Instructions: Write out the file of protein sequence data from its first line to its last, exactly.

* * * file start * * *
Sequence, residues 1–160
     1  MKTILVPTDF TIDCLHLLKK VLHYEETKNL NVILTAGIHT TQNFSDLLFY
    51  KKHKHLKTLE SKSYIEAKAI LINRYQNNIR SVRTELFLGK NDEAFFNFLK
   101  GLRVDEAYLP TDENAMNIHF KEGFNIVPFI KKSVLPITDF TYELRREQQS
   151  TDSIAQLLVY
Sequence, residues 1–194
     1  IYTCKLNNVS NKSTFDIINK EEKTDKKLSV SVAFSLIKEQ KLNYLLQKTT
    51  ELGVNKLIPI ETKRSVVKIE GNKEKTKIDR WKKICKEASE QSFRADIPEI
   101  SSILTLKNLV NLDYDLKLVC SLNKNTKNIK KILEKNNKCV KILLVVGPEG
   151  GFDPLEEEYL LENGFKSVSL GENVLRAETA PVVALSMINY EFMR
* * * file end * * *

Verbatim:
Sequence, residues 1–160
     1  MKTILVPTDF TIDCLHLLKK VLHYEETKNL NVILTAGIHT TQNFSDLLFY
    51  KKHKHLKTLE SKSYIEAKAI LINRYQNNIR SVRTELFLGK NDEAFFNFLK
   101  GLRVDEAYLP TDENAMNIHF KEGFNIVPFI KKSVLPITDF TYELRREQQS
   151  TDSIAQLLVY
Sequence, residues 1–194
     1  IYTCKLNNVS NKSTFDIINK EEKTDKKLSV SVAFSLIKEQ KLNYLLQKTT
    51  ELGVNKLIPI ETKRSVVKIE GNKEKTKIDR WKKICKEASE QSFRADIPEI
   101  SSILTLKNLV NLDYDLKLVC SLNKNTKNIK KILEKNNKCV KILLVVGPEG
   151  GFDPLEEEYL LENGFKSVSL GENVLRAETA PVVALSMINY EFMR